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Mexican authorities recordsdata lawsuit towards American arms producers and sellers

The Mexican government claims that American arms manufacturers have knowingly adopted business practices that facilitate arms smuggling.

The Mexican government has sued a number of US firearms manufacturers and dealers, alleging that their “ruthless” and “negligent” business practices have fueled enormous violence in Mexico.

National Public Radio reports that the lawsuit has been filed in federal court in Boston.

The unusual lawsuit names a number of American arms manufacturers as defendants, including Smith & Wesson, Barrett Firearms Manufacturing Inc., Baretta USA Corp., Colt’s Manufacturing Company, and Glock Inc.

Interstate Firearms, a Massachusetts arms wholesaler, is also named in the complaint.

According to the NPR, Mexico claims that each of the publicly traded companies knows, or should have known, that their business practices facilitate trade in firearms into Mexico.

Now Mexico wants a federal court to compensate it for the tremendous suffering that gun violence has caused the country.

Revolver and some bullets; Image courtesy of stevepb via Pixabay, www.pixabay.com

In its complaint, the country’s government says it is “ending this move to put an end to the massive damage the defendants are causing by actively facilitating the illicit trafficking of their weapons to drug cartels and other criminals in Mexico”.

The lawsuit relates to the Mexican government’s estimate that approximately 70% of all firearms traded in Mexico come from the United States. According to the Foreign Ministry, around 17,000 homicides were linked to arms smuggling in 2019 alone.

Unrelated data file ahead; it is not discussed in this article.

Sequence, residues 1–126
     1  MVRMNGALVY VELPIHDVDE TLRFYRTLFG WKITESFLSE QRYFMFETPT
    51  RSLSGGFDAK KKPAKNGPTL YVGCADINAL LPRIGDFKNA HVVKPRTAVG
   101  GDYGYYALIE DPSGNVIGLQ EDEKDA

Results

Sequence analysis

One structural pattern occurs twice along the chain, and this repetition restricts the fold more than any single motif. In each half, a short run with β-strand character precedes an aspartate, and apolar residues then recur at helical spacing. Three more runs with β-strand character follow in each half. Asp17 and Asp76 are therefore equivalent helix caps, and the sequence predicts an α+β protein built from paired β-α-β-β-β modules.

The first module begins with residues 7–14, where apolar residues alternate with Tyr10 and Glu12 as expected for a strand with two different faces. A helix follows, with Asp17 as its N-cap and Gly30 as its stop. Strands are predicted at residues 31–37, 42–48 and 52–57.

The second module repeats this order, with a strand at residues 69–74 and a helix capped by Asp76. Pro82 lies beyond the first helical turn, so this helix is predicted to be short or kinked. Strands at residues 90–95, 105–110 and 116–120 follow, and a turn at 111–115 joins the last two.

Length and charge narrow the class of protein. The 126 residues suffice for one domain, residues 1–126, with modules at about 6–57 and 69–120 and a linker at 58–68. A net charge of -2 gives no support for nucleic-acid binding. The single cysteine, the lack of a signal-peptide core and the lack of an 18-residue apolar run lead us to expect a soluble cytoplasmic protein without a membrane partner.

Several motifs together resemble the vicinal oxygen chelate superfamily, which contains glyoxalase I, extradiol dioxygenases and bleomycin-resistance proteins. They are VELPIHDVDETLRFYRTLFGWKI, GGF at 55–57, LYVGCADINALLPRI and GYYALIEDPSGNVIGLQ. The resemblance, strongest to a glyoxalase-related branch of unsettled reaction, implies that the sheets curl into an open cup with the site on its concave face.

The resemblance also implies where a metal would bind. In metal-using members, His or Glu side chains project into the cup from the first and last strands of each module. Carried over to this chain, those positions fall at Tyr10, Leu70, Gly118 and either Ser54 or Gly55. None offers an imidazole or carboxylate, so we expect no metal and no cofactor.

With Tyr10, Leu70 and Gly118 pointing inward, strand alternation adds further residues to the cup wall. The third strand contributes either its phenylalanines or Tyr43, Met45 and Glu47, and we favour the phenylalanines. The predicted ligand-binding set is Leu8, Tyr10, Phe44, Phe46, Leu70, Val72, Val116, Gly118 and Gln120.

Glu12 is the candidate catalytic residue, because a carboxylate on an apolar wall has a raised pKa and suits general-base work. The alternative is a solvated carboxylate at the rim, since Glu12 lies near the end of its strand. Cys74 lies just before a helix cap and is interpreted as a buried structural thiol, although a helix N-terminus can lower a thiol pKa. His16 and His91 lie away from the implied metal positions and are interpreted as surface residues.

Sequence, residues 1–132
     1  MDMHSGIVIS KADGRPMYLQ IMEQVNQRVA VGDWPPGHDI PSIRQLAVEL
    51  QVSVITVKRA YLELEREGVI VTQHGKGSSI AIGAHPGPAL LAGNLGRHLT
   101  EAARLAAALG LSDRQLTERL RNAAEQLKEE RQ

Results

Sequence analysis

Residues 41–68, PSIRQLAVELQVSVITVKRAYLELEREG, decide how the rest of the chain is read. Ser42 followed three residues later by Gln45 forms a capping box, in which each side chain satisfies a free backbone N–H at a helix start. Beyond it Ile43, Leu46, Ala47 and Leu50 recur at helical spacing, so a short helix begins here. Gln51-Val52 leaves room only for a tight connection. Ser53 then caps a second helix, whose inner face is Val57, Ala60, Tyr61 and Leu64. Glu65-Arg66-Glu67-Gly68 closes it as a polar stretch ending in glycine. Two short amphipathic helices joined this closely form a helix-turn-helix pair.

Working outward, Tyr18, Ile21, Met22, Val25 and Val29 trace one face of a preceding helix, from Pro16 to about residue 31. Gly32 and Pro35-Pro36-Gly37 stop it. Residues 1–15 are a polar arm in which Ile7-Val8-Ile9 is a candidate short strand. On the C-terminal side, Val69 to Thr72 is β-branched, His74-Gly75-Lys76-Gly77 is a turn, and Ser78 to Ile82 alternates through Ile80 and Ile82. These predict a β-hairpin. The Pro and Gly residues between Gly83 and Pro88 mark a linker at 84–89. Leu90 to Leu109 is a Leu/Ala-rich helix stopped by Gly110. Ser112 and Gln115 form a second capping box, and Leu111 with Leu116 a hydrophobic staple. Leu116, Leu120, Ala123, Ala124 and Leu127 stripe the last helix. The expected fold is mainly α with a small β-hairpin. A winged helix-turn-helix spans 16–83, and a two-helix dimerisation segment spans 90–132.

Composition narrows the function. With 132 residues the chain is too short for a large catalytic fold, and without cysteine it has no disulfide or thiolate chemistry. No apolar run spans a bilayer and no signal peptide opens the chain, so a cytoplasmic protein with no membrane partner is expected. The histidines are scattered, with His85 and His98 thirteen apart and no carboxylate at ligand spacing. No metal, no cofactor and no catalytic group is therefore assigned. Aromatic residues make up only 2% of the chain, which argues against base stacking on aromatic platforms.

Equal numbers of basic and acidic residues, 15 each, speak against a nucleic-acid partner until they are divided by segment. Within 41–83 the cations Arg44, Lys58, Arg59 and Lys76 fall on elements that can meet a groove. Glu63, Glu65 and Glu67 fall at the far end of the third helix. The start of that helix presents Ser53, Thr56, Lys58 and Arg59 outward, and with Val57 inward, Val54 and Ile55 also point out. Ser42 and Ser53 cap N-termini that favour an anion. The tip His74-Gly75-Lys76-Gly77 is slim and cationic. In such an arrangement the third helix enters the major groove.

Alejandro Celerio, a legal advisor to the State Department, said the economic damage from the illegal arms trade is between 1.7% and 2% of Mexico’s gross domestic product.

“We’re not doing this to put pressure on the US,” Celerio told journalists on Wednesday. “We are doing it so that there are no deaths in Mexico.”

However, the National Shooting Sports Foundation, an advocacy group representing the firearms industry, has said Mexico’s allegations are completely unfounded.

“These allegations are unfounded,” said Lawrence G. Keane, senior vice president and general counsel of the NHSF.

Keane said the Mexican government – not the United States and not American gun manufacturers – was solely responsible for enforcing its gun laws.

“Mexico’s criminal activity is a direct result of the illicit drug trafficking, human trafficking and organized crime cartels that plague Mexico’s citizens,” he added.

Still, another Mexican government official told the New York Times that the ultimate goal of the lawsuit was to make US arms manufacturers and suppliers more accountable in the sale and marketing of their weapons.

Although the lawsuit doesn’t ask for a specific amount of compensation, the Times says State Department officials have suggested that they may be eligible to seek damages of up to $ 10 billion.

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Mexico is suing US arms manufacturers and sees $ 10 billion in damages

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